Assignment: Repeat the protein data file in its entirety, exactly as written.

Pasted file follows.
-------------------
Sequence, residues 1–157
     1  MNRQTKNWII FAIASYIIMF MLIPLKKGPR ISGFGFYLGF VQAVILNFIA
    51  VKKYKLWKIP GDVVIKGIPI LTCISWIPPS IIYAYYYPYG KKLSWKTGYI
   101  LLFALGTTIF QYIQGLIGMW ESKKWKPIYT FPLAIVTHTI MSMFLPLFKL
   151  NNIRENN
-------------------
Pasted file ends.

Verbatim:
Sequence, residues 1–157
     1  MNRQTKNWII FAIASYIIMF MLIPLKKGPR ISGFGFYLGF VQAVILNFIA
    51  VKKYKLWKIP GDVVIKGIPI LTCISWIPPS IIYAYYYPYG KKLSWKTGYI
   101  LLFALGTTIF QYIQGLIGMW ESKKWKPIYT FPLAIVTHTI MSMFLPLFKL
   151  NNIRENN